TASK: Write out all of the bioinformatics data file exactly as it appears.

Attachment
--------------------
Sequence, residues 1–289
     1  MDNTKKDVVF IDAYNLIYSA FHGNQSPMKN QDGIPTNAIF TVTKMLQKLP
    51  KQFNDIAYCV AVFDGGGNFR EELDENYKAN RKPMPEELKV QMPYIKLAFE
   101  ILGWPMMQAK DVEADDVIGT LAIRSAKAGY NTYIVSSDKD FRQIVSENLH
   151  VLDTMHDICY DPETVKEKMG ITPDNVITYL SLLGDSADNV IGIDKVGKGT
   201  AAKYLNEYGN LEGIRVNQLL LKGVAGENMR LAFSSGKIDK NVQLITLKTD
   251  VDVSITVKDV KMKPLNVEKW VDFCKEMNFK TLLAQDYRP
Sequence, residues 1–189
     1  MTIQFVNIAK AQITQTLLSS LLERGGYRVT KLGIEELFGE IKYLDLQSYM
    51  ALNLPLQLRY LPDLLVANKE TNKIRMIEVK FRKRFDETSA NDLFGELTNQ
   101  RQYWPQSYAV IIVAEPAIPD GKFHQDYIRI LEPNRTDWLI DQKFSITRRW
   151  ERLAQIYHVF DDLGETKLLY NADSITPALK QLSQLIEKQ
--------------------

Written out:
Sequence, residues 1–289
     1  MDNTKKDVVF IDAYNLIYSA FHGNQSPMKN QDGIPTNAIF TVTKMLQKLP
    51  KQFNDIAYCV AVFDGGGNFR EELDENYKAN RKPMPEELKV QMPYIKLAFE
   101  ILGWPMMQAK DVEADDVIGT LAIRSAKAGY NTYIVSSDKD FRQIVSENLH
   151  VLDTMHDICY DPETVKEKMG ITPDNVITYL SLLGDSADNV IGIDKVGKGT
   201  AAKYLNEYGN LEGIRVNQLL LKGVAGENMR LAFSSGKIDK NVQLITLKTD
   251  VDVSITVKDV KMKPLNVEKW VDFCKEMNFK TLLAQDYRP
Sequence, residues 1–189
     1  MTIQFVNIAK AQITQTLLSS LLERGGYRVT KLGIEELFGE IKYLDLQSYM
    51  ALNLPLQLRY LPDLLVANKE TNKIRMIEVK FRKRFDETSA NDLFGELTNQ
   101  RQYWPQSYAV IIVAEPAIPD GKFHQDYIRI LEPNRTDWLI DQKFSITRRW
   151  ERLAQIYHVF DDLGETKLLY NADSITPALK QLSQLIEKQ